Same components
To reduce costs, different models of Höfler grinders use the same components. “Originally we thought that each machine had to have a different control panel, so that the control panel on our big machine, the Maxima, would be very big, and the one on our small machine, the Nova, would be smaller,” says Stöss. “But we realised that it didn’t matter, and that it would be much more efficient to have the same size for all of them.”

The same applies to the SKF grinding spindle; all Höfler machines except the biggest have the same part – a spindle that Stöss describes as one of the best on the market, with a unique system of securing the grinding wheel.

All manufacturing processes are under permanent observation for possible savings, says Stöss. On the medium-sized Supra range, the company has reduced costs by 20 percent in two years.

Höfler’s biggest machine is quite dramatic. The Maxima can grind gears of up to four metres in diameter and 35 tonnes in weight. It works on the same principle as the Supra and the Nova, its smaller and more frequently manufactured brothers.
Gear grinding is a highly complicated process. The grinding wheel is automatically dressed for the task in hand by diamond dressing rollers. The gear to be ground is roughly placed into position, then the computer takes over and tells the grinding wheel exactly where it should go and what it should do. It rolls around the gear gap in accordance with its computer-defined instructions, taking off just what is needed. To the outside observer it is an impressive sight to watch the various parts of this giant machine move against each other: The main sliding parts are friction-free, floating on 0.03 millimetres of oil, so that a 35-tonne gear wheel can be pushed into place with just one hand.
Höfler Maschinenbau continues in its efforts to innovate. The Helix and Promat, the new profile grinding machines, represent a new product line for the company. Instead of the grinding wheel rolling around the gear gap, as in other Höfler machines, the Promat’s grinding wheel grinds the whole tooth gap at once. The advantage is that the grinding process is much faster. Currently, the Promat can take gears up to 400 millimetres in diameter.
Both machines deal only with cylindrical gears. Höfler has also developed a profile helical gear grinder, says Stöss. The new Helix CNC 400 was unveiled at the EMO Fair in Hanover, Germany, in September 1997.

Experience invaluable
So Höfler Maschinenbau, with an annual turnover of 35 million DM (US$19 million), can be considered a bright spot these days amid difficulties in German industry. But the company is not immune to these difficulties. German wage costs continue to be a problem because of their inflexibility, Stöss says.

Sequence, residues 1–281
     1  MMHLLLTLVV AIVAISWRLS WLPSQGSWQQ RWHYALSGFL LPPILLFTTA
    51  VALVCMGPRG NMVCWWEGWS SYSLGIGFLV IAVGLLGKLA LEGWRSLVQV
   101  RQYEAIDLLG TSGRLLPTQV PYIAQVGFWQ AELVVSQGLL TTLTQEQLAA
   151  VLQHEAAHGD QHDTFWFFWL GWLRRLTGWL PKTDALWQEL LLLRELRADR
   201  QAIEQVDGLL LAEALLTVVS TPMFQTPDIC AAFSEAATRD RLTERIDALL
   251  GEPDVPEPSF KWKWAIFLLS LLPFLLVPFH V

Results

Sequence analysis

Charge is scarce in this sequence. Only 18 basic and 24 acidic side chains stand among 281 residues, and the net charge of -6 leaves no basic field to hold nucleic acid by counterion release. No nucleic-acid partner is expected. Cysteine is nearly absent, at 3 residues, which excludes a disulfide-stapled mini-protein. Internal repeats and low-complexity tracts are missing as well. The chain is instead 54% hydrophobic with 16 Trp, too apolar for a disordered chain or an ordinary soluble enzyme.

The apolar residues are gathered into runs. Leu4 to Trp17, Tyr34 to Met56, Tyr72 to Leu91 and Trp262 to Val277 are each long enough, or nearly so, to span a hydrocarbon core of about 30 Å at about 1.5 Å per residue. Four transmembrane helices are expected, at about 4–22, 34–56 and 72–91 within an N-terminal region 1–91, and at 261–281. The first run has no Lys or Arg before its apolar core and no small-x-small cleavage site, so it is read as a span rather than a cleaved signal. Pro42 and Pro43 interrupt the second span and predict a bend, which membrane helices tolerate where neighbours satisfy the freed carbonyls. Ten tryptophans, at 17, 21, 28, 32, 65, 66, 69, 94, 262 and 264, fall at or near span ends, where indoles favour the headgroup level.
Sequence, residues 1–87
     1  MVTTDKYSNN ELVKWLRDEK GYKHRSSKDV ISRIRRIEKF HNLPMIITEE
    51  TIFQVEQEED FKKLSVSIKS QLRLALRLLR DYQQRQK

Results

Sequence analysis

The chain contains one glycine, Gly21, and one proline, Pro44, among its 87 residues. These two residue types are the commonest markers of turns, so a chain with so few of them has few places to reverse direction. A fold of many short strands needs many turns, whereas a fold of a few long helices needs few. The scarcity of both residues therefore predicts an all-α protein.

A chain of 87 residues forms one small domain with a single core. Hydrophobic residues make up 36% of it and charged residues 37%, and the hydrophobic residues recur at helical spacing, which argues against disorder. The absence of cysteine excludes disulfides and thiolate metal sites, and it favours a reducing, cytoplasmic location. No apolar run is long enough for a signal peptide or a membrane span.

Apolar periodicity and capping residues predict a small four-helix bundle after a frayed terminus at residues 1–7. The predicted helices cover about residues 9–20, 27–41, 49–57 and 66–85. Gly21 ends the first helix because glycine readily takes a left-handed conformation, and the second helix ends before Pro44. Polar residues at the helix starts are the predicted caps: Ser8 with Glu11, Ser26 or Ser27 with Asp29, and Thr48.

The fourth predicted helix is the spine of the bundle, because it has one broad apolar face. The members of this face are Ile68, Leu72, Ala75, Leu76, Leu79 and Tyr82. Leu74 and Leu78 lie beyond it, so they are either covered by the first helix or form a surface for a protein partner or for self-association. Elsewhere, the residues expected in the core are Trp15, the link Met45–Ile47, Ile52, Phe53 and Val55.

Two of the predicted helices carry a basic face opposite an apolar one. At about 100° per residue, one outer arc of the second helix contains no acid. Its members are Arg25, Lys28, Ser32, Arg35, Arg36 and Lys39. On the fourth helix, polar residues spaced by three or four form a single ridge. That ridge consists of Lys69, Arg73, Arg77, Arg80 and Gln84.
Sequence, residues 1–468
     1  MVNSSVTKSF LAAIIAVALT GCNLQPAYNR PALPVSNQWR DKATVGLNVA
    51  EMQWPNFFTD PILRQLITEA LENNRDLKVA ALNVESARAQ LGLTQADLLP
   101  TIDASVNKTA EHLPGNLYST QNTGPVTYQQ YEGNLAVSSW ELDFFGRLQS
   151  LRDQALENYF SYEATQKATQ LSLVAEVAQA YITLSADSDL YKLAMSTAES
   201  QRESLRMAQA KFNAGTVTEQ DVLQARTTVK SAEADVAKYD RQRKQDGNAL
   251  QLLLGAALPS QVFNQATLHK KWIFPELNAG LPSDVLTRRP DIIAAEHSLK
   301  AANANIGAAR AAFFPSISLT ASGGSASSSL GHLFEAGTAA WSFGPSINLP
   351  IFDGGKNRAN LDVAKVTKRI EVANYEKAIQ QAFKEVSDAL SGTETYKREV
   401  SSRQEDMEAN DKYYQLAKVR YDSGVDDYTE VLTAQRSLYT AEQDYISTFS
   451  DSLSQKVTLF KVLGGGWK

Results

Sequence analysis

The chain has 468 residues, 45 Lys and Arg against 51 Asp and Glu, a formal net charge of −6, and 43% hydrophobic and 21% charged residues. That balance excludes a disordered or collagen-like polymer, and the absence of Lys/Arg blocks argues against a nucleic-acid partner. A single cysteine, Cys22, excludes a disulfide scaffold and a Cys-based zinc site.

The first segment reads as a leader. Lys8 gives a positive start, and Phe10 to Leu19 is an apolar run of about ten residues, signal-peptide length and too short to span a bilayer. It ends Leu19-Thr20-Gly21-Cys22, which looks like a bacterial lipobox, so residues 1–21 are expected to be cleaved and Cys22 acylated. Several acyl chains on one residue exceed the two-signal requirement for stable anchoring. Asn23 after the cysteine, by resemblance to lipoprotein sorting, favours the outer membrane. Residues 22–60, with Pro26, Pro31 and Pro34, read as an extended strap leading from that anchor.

If orders slow down, the company can cut back on materials, but wages must continue. As a result Höfler has agreed with the local works council that its employees will work longer hours when needed, and can take time off when work is short. But during the recession of the early 1990s, Höfler had to reduce its workforce. Notes Stöss: “We didn’t need to re-employ the staff when things got better, because our productivity improved.”

Often in Germany, politicians and business leaders talk of German workers pricing themselves out of the market, so that companies close down their German factories and open up where labour is cheaper. But that’s not an option for Höfler, says Stöss. “We have many older, experienced employees, and their know-how is valuable.”

Like the best German middle-sized businesses, Höfler managers know what work to do internally and what to outsource.
The central elements of their work they do themselves. Höfler has its own software developers, for example, and its own service staff: 15 engineers who are prepared to dash out all over the world to solve customers’ problems. This soon may not be necessary, however. Machines are now equipped with modems, which send all the data back to Höfler, so that a long-distance diagnosis can be carried out.
Companies like Höfler may well be the backbone of the German economy, but they have their work cut out for them. The good ones have to keep ahead of technology and offer value for money, and there are no prizes for those who are left behind. But Höfler Maschinenbau seems up to the challenge.

Michael Lawton,
a business journalist based in Cologne.